Clockwise from top left: festival, jerk pork, baked yam, rice and beans, bammy, jerk chicken.
Growing up in New York City, I’ve long been familiar with the foods that Jamaicans eat and prepare, but on my recent trip to Jamaica, I got to try the real-deal. Jamaicans have very flavorful foods, and many which are specific to their culture more than anywhere else. Below are some of the quintessential delicacies, as well as some of the lesser-known foods, that you should try on your next visit to the island.
Jerk Chicken/Pork – Jerk chicken is probably the most well-known of all the foods in Jamaica, and jerk pork is not that far behind. This is chicken and pork that is slow-roasted or grilled and basted with a dry rub that is known as jerk seasoning, made primarily of allspice and Scotch bonnet peppers. The word “jerk” comes from the same root that “jerky” comes from, the dried meat products. Usually, the meat is marinated for a while (perhaps overnight), so that it can be flavorful inside and out; the Jamaicans love their foods robust and full of flavor.
Curry Goat/Chicken – Curry goat and curry chicken is another very popular dish on the island. It is similar in style to the Asian versions, though Jamaicans have their own unique ingredients thrown into the mix. The spices in the Jamaican variety that form the the curry paste commonly included mustard seeds, cumin, coriander, turmeric, anise, thyme, Scotch bonnet peppers, allspice, and fenugreek seeds. Goat and chicken meats are cheap and easily-accessible on the island, making them the centerpiece of many meals.
Oxtail – Oxtail is a dish made with the tail of cattle, such as cow or steer. It is usually prepared as a kind of stew, with the oxtail braised slowly on low heat until it reaches a consistency where the meat just falls off the center bone structure. In Jamaica, as well as in other Caribbean islands, it is common to have butter beans and rice on the side. This portion of the animal is full of cartilage and connective tissue, but after cooking it, it becomes gelatinous and is part of the experience.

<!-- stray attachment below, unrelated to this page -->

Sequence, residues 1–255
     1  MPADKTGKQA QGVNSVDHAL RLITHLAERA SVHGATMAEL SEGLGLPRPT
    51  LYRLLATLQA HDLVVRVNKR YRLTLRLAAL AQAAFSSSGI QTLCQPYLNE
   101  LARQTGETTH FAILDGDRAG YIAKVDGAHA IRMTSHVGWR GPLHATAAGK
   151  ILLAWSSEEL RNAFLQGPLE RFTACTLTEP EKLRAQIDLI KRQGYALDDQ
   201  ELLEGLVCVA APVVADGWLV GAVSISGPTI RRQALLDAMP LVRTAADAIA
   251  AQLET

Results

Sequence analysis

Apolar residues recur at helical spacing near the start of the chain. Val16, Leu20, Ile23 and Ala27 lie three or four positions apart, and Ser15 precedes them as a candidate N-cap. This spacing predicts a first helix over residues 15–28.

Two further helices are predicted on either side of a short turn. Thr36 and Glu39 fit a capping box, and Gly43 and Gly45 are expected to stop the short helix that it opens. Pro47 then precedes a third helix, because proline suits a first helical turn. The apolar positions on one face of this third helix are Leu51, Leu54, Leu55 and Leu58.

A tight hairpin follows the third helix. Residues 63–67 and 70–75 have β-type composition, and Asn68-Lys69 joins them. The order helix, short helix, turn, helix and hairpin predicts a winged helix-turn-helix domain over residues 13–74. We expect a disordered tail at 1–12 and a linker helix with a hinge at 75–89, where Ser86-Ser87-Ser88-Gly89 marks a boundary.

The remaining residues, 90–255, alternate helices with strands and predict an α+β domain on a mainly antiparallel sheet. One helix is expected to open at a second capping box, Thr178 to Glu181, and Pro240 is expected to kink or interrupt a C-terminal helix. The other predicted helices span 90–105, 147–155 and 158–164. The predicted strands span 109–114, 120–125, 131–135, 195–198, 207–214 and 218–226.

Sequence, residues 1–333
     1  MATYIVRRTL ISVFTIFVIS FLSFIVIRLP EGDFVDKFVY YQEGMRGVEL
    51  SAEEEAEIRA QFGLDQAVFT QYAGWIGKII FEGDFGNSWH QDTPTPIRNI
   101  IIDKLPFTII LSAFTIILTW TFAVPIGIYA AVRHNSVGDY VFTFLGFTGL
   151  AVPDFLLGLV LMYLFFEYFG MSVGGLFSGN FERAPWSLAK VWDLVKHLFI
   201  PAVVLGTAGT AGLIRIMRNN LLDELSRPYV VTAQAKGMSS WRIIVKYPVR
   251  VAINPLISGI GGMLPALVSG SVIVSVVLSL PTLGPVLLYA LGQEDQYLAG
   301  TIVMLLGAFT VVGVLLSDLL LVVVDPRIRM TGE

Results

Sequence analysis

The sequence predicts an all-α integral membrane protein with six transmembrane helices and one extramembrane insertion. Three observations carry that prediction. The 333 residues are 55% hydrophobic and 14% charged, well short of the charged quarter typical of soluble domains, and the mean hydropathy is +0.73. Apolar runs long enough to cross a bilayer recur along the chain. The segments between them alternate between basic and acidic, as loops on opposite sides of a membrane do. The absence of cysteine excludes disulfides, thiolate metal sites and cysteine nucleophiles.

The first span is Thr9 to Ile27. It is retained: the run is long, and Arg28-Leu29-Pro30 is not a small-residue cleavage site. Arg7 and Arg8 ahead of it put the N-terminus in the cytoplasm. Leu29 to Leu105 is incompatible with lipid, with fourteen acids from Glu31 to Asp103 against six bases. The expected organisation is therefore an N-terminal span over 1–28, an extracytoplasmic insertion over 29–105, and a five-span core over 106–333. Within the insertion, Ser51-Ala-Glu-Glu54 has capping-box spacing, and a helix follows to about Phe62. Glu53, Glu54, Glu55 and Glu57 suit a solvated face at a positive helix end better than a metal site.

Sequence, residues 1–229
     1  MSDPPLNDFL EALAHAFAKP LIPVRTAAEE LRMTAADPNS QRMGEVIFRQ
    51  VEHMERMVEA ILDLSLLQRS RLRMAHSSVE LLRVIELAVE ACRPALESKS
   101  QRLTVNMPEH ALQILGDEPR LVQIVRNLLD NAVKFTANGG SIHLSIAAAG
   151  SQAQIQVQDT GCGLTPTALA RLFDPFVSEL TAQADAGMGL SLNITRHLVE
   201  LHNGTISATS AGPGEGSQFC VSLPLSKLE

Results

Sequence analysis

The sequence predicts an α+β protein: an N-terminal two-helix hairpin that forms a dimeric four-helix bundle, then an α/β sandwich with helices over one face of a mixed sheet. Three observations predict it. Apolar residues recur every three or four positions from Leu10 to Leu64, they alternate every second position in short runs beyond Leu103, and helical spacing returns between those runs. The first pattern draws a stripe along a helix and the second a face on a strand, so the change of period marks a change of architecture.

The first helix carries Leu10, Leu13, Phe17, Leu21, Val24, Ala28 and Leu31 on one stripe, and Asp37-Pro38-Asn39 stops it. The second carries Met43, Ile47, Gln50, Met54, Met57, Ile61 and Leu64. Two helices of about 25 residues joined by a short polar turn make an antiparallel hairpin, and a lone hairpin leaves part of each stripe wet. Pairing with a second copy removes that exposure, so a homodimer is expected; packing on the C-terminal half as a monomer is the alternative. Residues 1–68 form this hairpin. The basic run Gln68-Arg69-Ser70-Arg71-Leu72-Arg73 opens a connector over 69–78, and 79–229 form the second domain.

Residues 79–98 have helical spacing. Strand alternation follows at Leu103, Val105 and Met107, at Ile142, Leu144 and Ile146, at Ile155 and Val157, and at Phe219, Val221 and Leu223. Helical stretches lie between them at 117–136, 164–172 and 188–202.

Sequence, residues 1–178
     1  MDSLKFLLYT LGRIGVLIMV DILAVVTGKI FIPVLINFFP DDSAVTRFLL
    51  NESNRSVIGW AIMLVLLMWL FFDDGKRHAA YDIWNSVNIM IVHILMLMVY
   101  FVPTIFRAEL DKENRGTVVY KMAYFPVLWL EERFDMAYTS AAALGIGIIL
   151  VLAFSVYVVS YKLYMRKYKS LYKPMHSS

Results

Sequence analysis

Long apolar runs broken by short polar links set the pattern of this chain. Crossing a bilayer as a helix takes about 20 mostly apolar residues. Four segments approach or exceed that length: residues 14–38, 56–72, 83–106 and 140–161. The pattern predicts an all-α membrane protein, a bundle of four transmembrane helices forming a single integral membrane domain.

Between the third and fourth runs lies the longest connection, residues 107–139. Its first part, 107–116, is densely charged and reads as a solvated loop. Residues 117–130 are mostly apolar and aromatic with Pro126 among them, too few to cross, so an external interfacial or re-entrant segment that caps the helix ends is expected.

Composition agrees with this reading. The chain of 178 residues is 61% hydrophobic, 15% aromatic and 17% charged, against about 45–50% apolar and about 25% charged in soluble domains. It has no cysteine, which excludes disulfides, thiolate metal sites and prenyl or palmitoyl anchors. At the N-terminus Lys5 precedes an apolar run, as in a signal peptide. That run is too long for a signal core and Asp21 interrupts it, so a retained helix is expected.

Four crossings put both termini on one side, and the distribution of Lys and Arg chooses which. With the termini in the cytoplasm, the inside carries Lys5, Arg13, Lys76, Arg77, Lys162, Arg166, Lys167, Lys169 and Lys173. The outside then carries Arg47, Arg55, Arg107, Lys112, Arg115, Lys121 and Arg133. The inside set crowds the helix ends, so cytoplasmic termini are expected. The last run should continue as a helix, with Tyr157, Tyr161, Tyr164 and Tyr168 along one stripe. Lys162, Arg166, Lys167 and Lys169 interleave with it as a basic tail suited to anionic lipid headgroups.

Patties (Beef, Chicken, Veggie, etc.) – Patties are ubiquitous treats in Jamaica, as well as in Jamaican restaurants around the world. It is a kind of pastry, filled with cook stuffing that is spiced. The shell is a made of an egg dough that is yellow, due to turmeric added to the mix. Ground beef is the most common kind of patty, but patties are now common that are made with chopped chicken, pork, fish, mixed vegetables, et al. The filling is usually sauteed on the side with numerous spices readily found in most other Jamaican foods, until it is cooked and ready to put into the patty. When it is made, the dough is rolled flat, the filling put inside, and then it is folded in half with the sides pinched together to seal it, similar to an empanada. It is then baked until the pastry shell is crisp.
Bammy – Sometimes spelled “bami,” a bammy is a simple flat bread made of cassava, a starchy root vegetable (yuca) that is often used in Latin American and Caribbean cuisines. They are thick, usually circular in cut, and deep-fried after being soaked in coconut milk. It is often eaten as a side with meals.